Under section 1983, Plaintiff must demonstrate that each defendantpersonally participated in the deprivation of his rights. Jones v. Williams, 297 F.3d 930, 934 (9th Cir. 2002). This requires the presentation of factual allegations sufficient to state a plausible claim for relief. Iqbal, 556 U.S. at 678-79; Moss v. U.S. Secret Service, 572 F.3d 962, 969 (9th Cir. 2009). The mere possibility of misconduct falls short of meeting this plausibility standard. Iqbal, 556 U.S. at 678; Moss, 572 F.3d at 969.
A. Summary of Claim
Plaintiff, who is currently incarcerated at California Medical Facility in Vacaville, brings this action against Dr. Green, Ms. Hansom, and Dr. John Chokatos for violating his rights while he was at Pleasant Valley State Prison in Coalinga. Plaintiff is paraplegic and has rheumatoid arthritis, conditions which make him more vulnerable. Plaintiff alleges he was misdiagnosed and given the wrong medication, causing him to die eight times and suffer a seizure, two strokes, an aneurism, and a major heart attack. Plaintiff alleges that he now has Valley Fever, he lost the use of an arm, and he is going blind in his left eye.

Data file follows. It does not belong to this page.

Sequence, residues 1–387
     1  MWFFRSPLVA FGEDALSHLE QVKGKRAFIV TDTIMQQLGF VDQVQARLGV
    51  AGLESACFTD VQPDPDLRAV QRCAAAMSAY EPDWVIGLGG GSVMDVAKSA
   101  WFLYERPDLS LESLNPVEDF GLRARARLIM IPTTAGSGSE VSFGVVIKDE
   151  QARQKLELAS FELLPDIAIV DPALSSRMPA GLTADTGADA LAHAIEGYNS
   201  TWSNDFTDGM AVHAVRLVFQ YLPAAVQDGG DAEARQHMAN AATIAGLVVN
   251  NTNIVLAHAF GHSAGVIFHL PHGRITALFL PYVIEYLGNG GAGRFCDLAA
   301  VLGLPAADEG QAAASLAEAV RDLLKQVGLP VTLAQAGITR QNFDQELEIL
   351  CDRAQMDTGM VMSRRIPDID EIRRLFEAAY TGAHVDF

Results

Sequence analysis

B. Legal Standard
Under section 1983, Plaintiff must link the named defendants to the participation in the violation at issue. Iqbal, 556 U.S. at 676-77, 129 S.Ct. at 1948-49; Simmons v. Navajo County, Ariz., 609 F.3d 1011, 1020-21 (9th Cir. 2010); Ewing v. City of Stockton, 588 F.3d 1218, 1235 (9th Cir. 2009); Jones, 297 F.3d at 934. Liability may not be imposed on supervisory personnel under the theory of respondeat superior, Iqbal, 556 U.S. at 676-77, 129 S.Ct. at 1948-49; Ewing, 588 F.3d at 1235, and administrators may only be held liable if they "participated in or directed the violations, or knew of the violations and failed to act to prevent them," Taylor v. List, 880 F.2d 1040, 1045 (9th Cir. 1989); accord Starr v. Baca, 652 F.3d 1202, 1205-08 (9th Cir. 2011); Corales v. Bennett, 567 F.3d 554, 570 (9th Cir. 2009); Preschooler II v. Clark County School Board of Trustees, 479 F.3d 1175, 1182 (9th Cir. 2007); Harris v. Roderick, 126 F.3d 1189, 1204 (9th Cir. 1997).